Read Southern Living article below to find out what Reed & Acanthus likes to paint that aren't walls.
When refreshing our homes, our minds usually go to painting first—painting walls, to be specific. It’s definitely effective, but it’s not the only option. Our spaces are full of things (and features) to paint that can actually be even more impactful. We talked to three designers well-versed in how to create a dynamic home full of personality, and came up with five of the best things you can paint to update your space that aren’t walls.
Amber Guyton is the founder of Blessed Little Bungalow in Atlanta, Georgia.
Shelby Van Daley is the co-founder of Daley Home in Austin, Texas.
Katharine Rhudy is the founder of Reed & Acanthus in New Orleans, Louisiana.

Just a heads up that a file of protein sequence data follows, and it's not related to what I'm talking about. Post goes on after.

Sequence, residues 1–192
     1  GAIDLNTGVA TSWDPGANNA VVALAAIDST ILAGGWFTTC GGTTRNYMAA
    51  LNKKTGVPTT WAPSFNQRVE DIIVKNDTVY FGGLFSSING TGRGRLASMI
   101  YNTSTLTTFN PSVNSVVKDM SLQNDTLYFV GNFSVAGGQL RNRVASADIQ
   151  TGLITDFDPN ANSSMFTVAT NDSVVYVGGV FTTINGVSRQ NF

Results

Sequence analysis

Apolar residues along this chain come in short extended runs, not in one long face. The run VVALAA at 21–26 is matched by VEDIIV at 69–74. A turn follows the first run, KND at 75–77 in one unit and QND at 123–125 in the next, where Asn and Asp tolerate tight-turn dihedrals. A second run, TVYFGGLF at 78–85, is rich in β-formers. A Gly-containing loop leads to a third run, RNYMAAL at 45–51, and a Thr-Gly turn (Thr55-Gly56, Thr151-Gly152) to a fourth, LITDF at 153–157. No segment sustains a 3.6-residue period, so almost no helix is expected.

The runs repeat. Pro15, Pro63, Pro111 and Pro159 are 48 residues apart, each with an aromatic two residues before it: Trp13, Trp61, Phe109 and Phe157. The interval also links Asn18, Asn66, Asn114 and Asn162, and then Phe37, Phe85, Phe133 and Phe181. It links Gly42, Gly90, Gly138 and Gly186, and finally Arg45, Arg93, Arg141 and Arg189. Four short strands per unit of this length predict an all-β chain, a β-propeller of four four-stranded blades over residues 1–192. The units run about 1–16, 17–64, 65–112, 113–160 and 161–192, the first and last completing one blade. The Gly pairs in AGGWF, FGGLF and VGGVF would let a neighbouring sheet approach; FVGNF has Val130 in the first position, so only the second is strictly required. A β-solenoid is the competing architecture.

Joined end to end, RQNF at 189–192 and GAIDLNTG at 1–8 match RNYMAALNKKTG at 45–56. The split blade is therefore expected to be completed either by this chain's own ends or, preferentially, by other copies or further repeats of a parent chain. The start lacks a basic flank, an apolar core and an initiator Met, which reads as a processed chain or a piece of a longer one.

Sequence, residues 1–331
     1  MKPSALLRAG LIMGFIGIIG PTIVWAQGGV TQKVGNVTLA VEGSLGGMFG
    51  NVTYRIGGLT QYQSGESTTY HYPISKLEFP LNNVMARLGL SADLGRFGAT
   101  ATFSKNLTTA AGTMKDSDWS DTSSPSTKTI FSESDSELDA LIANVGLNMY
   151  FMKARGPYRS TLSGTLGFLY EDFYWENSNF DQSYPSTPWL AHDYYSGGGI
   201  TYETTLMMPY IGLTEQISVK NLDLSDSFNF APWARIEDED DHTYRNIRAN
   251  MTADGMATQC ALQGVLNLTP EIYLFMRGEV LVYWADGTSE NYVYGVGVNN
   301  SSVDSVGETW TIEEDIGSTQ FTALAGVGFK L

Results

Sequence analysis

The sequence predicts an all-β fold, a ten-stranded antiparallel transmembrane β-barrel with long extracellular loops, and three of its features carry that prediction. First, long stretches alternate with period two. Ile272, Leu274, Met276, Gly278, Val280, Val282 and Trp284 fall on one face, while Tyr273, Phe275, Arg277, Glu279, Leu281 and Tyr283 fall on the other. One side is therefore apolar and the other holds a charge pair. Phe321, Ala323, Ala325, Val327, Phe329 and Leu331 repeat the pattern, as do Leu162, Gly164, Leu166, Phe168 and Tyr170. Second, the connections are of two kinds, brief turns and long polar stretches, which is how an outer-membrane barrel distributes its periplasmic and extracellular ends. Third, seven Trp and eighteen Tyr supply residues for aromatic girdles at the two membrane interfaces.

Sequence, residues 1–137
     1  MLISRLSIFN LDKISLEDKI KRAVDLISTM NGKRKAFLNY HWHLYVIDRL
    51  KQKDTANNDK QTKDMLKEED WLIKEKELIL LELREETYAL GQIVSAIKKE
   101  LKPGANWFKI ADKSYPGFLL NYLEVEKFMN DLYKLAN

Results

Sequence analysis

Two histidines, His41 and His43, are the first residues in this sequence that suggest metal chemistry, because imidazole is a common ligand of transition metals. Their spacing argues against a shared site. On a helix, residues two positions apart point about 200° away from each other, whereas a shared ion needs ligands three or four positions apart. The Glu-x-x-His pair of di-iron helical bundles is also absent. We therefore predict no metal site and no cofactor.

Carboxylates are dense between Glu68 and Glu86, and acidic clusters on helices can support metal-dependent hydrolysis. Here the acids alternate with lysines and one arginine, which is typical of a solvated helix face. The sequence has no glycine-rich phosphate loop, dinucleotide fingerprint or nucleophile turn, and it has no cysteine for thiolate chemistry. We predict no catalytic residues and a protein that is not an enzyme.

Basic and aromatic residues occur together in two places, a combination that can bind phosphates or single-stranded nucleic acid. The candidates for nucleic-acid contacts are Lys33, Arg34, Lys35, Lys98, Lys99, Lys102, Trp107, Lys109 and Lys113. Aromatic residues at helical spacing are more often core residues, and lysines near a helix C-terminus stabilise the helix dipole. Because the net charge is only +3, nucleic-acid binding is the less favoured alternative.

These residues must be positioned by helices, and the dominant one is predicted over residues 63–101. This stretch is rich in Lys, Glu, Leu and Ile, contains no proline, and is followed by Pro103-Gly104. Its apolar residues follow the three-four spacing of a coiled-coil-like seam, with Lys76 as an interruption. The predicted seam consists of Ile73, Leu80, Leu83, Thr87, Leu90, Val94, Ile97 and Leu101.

Furniture If your furniture could use a little love, consider painting (it can be less work than staining). “This is a great way to make what’s old brand new, and also a fun way to add color to your space in a non-committal way,” explains Amber Guyton, founder of Blessed Little Bungalow in Atlanta, Georgia. From dining tables and cabinets to end tables and headboards, the options are limitless. When painting furniture, you have to first decide what kind of finish you’re looking for: distressed, smooth, perhaps high gloss? This will impact the kind of paint you choose, which in turn will determine if you sand and/or prime, as well as if you use a top coat or sealer. For those new to DIY and feeling overwhelmed, it may be a good idea to outsource the job, particularly if you’re looking for an extra smooth or high gloss finish. Those are trickier to get right and may result in the finished product looking like a full-on Monet—okay from far away, but a big old mess up close. (Name that movie!) Trim, Windows, and Ceilings “We love creating interest and detail in a space by painting the trim, windows, and/or ceilings,” says Shelby Van Daley, co-founder of her namesake interior design firm in Austin, Texas. “This is a great way to make a room stand out and create its own personality.” Guyton agrees: “These elements tie a room together beautifully.” If you’re looking to make more of a straightforward update, you can pull colors from elements like the wallpaper, textiles, and accessories. For a space undergoing more substantial changes, another option is to look at the wall paint, either matching it entirely, going tonal, or picking something complementary. HECTOR MANUEL SANCHEZ; DESIGN; MEG LONERGAN; STYLING: BARBARA SCHMIDTFloors Painting floors is more of a commitment, but as Guyton says, it’s “an easy and affordable way to elevate your space.” Imagine a checkerboard pattern in the kitchen or a striped back patio—so fun, right? This also kills two birds with one stone: an undesirable tile or hardwood too thin to be refinished again can be transformed into a conversation-starting statement. The prep work is key though. Whether you’re painting tile or hardwood, the floor must be cleaned, dried, sanded, and primed prior. After painting, not allowing the floor to fully cure before putting furniture back can be risky as well. Does this all sound stressful? Consider delegating to the pros. Fireplace Mantles The most obvious color to paint your fireplace mantle is whatever your baseboards and trim are—but that doesn’t mean you have to. “I like to add a bit of contrast and paint fireplace mantles a color that complements the room’s color scheme,” explains Katharine Rhudy, founder of Reed & Acanthusin New Orleans, Louisiana. Doing so creates visual interest and gives the room a strong focal point. HECTOR MANUEL SANCHEZ; STYLING: BUFFY HARGETT MILLERDoors Separate from the trim, doors are an entirely new opportunity to refresh your space. Guyton recommends painting interior and exterior doors charcoal or black for a more modern look, or opting for a pop of color on the back porch door. Was this page helpful?